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Psychology Issues: Self-Esteem and Violence Essay

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Updated: Mar 18th, 2020

The article “Self-esteem and violence: testing links between adolescent self-esteem and later hostility and violent behavior” is authored by Boden J.M., Fergusson D. M., and Horwood L. J.

It is an eleven page article published in November 2007 in the Journal of Social Psychiatry and Psychiatric Epidemiology Volume 2 Issue number 11 from page 881 to page 891. The research study was conducted in New Zealand, and it covers key subjects such as psychiatry, pathological psychology, self-esteem, violence, aggression, adolescence, and physiological aspects.

As an experienced researcher and lecturer in health and developmental study, I must say I find the Boden’s argument and experiment obliging, intelligent and above all, well worth paying close attention to. In my opinion, the argument by Boden, Fergusson, and Horwood is sociological since its main aim is to test the link between our self-esteem and later hostility and violent behavior.

By putting forward this line of reasoning, Boden and his colleagues sought to establish a relationship between the self-esteem variable and the violence variable. These two variables are not only closely related but also presumably measurable. In a bid to clearly state the problem under investigation, the authors begin by reviewing recent voluminous literature linking self-esteem and violence.

The review begins from the research studies that contain the specific evidence linking self-esteem and violence and ends at research studies that have questioned this link.

Basing on the argument by Boden, Fergusson, and Horwood, there is no clear evidence linking self-esteem and violent behavior since the existing studies show a contradictory pattern of findings. This is true, though I would argue that the contradictory pattern results from studies conducted in different settings using different variables.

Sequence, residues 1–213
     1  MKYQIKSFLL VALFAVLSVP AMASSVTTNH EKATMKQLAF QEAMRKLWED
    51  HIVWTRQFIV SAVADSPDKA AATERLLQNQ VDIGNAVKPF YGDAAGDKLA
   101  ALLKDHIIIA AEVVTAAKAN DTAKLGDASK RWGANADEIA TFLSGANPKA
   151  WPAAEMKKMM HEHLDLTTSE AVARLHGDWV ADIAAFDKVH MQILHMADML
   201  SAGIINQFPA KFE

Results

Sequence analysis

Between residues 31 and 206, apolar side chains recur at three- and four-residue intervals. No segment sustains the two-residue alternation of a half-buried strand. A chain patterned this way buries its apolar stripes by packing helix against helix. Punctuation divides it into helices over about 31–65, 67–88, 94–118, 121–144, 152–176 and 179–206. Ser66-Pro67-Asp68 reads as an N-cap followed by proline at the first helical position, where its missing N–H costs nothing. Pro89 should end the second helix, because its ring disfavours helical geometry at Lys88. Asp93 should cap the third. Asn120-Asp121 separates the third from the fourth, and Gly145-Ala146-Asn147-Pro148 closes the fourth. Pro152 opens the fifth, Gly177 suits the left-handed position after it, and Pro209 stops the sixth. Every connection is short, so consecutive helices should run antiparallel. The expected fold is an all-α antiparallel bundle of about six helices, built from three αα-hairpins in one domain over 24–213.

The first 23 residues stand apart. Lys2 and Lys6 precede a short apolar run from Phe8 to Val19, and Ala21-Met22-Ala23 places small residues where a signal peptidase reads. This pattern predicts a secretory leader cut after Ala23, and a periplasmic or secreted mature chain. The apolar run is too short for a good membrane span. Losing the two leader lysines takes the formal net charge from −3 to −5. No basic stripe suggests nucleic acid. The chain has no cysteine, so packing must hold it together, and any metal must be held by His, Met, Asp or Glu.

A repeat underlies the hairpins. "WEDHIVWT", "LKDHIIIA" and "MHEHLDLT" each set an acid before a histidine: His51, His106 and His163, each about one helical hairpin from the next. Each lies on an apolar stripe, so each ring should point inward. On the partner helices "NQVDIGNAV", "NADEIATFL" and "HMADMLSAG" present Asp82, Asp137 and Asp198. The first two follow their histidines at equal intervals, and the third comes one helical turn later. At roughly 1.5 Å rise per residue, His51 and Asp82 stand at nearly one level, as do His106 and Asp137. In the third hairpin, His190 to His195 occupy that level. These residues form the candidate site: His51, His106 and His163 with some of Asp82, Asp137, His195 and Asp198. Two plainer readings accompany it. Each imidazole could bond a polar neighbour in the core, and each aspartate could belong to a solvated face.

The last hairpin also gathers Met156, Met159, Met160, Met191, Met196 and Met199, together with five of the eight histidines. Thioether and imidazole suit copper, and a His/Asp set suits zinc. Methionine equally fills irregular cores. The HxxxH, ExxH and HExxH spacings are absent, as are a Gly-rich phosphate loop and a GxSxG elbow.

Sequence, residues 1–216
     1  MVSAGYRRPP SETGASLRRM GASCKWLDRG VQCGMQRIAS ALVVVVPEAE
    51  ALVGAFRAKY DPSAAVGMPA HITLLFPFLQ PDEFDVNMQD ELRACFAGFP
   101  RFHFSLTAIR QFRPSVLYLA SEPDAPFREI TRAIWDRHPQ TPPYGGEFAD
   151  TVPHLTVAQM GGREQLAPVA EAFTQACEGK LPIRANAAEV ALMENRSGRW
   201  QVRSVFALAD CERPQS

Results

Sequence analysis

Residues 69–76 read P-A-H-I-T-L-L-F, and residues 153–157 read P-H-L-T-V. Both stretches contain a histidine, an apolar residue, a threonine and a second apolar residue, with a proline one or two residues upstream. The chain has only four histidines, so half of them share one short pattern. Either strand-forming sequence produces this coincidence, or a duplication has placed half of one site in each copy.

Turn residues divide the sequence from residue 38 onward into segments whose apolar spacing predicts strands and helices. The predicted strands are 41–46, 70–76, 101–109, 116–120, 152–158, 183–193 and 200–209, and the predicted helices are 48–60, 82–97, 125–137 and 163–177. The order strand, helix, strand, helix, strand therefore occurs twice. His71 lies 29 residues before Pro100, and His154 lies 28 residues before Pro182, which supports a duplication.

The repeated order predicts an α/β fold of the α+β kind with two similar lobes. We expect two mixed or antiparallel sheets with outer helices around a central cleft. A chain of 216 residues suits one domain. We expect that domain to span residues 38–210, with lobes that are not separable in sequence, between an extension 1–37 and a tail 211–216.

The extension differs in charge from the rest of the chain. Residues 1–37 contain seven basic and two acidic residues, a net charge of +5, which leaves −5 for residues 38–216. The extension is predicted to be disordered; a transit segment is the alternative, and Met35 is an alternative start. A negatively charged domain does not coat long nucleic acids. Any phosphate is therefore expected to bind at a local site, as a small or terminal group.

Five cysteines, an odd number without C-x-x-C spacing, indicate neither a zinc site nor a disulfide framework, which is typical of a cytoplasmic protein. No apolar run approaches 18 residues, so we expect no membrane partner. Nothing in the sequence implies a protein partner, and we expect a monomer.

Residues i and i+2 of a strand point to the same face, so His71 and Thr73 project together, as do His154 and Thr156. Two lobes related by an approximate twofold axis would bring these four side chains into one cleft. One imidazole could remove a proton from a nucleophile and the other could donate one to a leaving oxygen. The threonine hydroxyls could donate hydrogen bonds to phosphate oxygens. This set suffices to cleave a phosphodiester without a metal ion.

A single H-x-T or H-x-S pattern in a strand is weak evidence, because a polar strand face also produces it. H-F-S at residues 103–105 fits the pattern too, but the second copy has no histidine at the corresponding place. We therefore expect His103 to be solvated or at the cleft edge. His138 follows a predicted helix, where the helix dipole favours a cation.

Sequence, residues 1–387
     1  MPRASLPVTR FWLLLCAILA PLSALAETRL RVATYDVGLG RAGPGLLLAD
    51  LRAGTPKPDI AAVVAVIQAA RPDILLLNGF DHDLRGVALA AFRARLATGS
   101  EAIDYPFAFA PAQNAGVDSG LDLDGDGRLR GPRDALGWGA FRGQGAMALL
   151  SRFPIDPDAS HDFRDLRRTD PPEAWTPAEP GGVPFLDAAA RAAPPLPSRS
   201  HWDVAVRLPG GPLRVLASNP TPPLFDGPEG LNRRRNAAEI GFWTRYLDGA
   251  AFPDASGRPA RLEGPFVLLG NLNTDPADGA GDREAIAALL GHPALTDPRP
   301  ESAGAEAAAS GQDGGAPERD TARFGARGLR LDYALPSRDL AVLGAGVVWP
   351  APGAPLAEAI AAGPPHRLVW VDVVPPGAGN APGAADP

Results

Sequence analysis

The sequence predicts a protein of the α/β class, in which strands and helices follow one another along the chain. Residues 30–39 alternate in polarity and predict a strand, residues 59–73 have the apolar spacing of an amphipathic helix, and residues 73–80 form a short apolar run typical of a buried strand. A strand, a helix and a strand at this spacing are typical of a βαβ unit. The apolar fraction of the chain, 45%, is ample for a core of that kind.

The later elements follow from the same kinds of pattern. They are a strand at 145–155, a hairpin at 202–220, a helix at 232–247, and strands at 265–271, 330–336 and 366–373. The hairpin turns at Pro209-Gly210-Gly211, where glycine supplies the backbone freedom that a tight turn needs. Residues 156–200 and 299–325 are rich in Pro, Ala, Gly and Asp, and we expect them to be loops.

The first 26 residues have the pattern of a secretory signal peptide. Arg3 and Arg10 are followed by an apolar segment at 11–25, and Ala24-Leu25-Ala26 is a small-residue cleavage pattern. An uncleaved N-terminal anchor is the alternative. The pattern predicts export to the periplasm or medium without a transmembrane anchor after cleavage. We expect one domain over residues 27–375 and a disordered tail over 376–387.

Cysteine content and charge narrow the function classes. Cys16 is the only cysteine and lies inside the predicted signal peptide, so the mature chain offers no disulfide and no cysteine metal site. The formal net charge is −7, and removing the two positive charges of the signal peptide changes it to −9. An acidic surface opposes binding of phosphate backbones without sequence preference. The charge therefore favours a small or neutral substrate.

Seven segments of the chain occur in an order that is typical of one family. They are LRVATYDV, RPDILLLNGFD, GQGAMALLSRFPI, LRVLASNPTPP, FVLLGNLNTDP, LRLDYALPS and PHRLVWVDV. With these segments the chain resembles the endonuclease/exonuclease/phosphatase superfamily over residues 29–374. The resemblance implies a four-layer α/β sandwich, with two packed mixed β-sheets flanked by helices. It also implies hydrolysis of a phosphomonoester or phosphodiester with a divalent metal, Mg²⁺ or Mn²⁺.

The authors’ repeated use of facts, figures, and interview data of other researchers in supporting their arguments shows the logical nature of a scientific argument that can be relied upon.

For instance in their argument on the existence of a link between self-esteem and violence, Boden, Fergusson, and Horwood concur with views from researchers like Corwyn and Benda, Lindstrom, Ellickson, and McGuigan among others who contend that self-esteem is directly linked to violence and hostility.

Also, in a manner typical of scientific studies, the authors adopt views of other researchers such as Kernis et al. and Baumeister et al. who are of contrary opinions. I find this systematic way of argument logical and comprehensible because it allows quick comparisons and comprehensibility.

Concerning the adopted research design, I agree with Boden, Fergusson and Horwood’s claim that most studies that use a cross-sectional design or non-representative and selected sample to examine the relationship between self-esteem and violence raise issues of directionality between self-esteem and violence (Boden, Fergusson and Horwood, 882).

By adopting a prospective design with a longitudinal birth cohort, the researchers reliably address the methodological shortcomings that most studies have faced. With this design, Boden, Fergusson, and Horwood claim that “many issues of confounding, sampling, measurement and external validity” (882) are addressed.

The authors further acknowledge previous studies by Donnellan et al. and Trzesniewski et al. that used the longitudinal birth cohort design in examining similar variables.

However, Boden, Fergusson, and Horwood differ with these studies because they both “controlled a limited range of covariate factors that were confounded with adolescent self-esteem, and each studied a limited range of aggressive or violent outcomes” (Boden, Fergusson and Horwood, 882).